I absolutely loved to play basketball as a youngster (and still do!). My basketball hero was Kareem Abdul-Jabbar. At 7’2″ his sky hook was art in motion.
He was not only a brilliant player on the court, but he is also brilliantly insightful. A few years ago Abdul-Jabbar shares 20 Things Boys Can Do to Become Men.
The list is filled with wonderful nuggets for the young boy (or girl, for that matter) in your life.
Here are a few of my favorite excerpts:
1. Learn who you are as an individual.
Most of the time, given the choice, we seek the easiest path, the path of least resistance. We go along to get along. Sometimes that’s okay. But it’s those instances when you opt for a different path that can really define you as an individual.
The important thing is you make those decisions for yourself-not out of spite against authority figures, or because of peer pressure, or even out of fear of losing someone’s affection-but out of conviction of who you are and who you want to be.
2. Stand up for yourself and your beliefs.
British statesman Edmund Burke once said, “The only thing necessary for the triumph of evil is for good men to do nothing.” That’s one of my favorite quotes because it reminds me that it’s not enough to have lofty ideals and beliefs, you sometimes have to actually get off the couch and defend those beliefs.
This is especially hard when you’re hanging with your friends and they all express an opinion that is the opposite of yours. Because you’re outnumbered, it’s easy for them to ridicule your opinion. Be strong. Defend your opinions and beliefs. You’ll feel proud that you took a stand. Those moments you do nothing will haunt you for a long time.
9. Mind your manners.
When you’re a kid being told to firmly shake hands, keep your elbows off the table, or ask guests if they’d like a drink, it all seems like a load of dumb and arbitrary rules. Some of it is. But part of becoming a man is the realization that it doesn’t matter whether or not the rules of manners make sense. What matters is the effect of following these rules: people appreciate the effort and respect shown them. In turn, they will show you respect.
12. Never, never do something on a dare.
“I dare you” may be the three most dangerous words in the language for kids. The challenge to prove yourself to others is very tempting, especially since the alternative seems to be showing yourself to be a coward. But that’s not really the case. The person who dares you is counting on your not being strong or smart enough to see this challenge as the empty, laughable joke it is.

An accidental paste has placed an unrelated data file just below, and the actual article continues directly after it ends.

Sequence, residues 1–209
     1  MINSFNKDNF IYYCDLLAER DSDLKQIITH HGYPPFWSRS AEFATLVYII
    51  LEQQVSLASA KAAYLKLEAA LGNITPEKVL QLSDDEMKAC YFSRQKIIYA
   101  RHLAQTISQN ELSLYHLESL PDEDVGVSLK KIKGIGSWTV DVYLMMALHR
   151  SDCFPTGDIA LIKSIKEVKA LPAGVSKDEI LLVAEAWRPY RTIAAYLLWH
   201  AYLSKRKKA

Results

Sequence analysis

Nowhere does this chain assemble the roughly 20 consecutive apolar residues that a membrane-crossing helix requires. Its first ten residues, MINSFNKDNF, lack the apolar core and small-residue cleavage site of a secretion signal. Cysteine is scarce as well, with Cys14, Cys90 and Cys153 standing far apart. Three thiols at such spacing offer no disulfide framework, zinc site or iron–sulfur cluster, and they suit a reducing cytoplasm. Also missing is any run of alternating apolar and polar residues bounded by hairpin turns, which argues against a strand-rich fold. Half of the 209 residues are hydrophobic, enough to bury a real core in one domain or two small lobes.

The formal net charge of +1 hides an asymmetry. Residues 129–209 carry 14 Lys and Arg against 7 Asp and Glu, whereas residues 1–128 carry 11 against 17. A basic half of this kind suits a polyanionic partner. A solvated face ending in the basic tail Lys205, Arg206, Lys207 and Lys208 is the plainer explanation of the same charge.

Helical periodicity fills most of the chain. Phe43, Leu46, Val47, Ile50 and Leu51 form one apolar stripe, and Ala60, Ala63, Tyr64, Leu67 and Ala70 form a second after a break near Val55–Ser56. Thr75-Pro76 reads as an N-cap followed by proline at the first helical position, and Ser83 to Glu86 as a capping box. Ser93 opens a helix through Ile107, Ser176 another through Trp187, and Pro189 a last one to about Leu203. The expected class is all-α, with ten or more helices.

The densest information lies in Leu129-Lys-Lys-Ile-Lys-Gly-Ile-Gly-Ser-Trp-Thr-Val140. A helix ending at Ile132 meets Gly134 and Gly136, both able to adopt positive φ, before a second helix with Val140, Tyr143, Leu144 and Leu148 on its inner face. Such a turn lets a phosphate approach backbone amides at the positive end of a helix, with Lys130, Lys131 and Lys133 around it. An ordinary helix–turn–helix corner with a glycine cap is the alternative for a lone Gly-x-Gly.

The person who refuses a dare displays intelligence, courage, and independence. And that’s what daring someone is trying to rob them of.
13. Get organized.
One main difference between a boy and a man is that boys talk about what they want to do and men actually do those things. Another difference is that men have less time to accomplish more.
In order to do all the things they want, they have to be organized. They keep a calendar (the one in your smart phone is handy), they make a to-do list, and they don’t put off doing things until later.
17. Get smart.
Making up your own mind doesn’t mean “going with your gut,” “listening to your heart,” or any other such clichés, however. That’s the lazy man’s way of avoiding the work that comes with developing an informed opinion. Want to express an opinion about the election, the death penalty, or gay marriage?
First, do your research. Don’t rely on biased sources. Your goal is to find the truth, not just confirm an opinion you already held. Every time you express an uninformed opinion, others will dismiss you as a child, someone who can only parrot others’ opinions. A man knows how to educate himself in pursuit of truth.
Thank you, Kareem, for being an inspiration on and off the court!